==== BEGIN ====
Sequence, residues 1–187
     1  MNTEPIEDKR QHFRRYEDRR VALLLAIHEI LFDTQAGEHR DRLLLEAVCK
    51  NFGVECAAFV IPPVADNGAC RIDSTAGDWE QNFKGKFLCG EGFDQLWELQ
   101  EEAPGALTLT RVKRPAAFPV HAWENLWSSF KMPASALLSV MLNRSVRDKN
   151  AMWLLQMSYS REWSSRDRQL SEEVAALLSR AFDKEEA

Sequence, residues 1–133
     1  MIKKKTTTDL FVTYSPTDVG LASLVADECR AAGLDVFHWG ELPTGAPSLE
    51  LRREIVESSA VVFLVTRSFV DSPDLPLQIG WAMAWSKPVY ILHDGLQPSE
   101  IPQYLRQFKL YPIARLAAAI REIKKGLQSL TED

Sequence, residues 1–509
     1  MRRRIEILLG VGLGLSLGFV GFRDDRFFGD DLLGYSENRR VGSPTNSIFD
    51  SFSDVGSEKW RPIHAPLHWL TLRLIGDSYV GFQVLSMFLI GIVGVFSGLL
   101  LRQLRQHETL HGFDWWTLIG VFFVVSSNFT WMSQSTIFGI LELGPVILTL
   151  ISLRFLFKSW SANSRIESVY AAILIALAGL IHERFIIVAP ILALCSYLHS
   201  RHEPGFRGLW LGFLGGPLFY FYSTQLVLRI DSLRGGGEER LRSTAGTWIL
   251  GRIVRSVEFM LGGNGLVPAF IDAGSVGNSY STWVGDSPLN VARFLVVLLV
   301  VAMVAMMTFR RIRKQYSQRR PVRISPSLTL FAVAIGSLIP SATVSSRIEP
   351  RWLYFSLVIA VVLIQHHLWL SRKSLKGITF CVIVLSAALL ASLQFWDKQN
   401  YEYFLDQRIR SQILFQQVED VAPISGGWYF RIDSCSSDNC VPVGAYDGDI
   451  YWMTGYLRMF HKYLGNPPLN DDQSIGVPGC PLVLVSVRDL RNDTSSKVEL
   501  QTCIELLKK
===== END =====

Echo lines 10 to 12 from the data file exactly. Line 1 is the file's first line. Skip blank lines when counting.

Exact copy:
Sequence, residues 1–509
     1  MRRRIEILLG VGLGLSLGFV GFRDDRFFGD DLLGYSENRR VGSPTNSIFD
    51  SFSDVGSEKW RPIHAPLHWL TLRLIGDSYV GFQVLSMFLI GIVGVFSGLL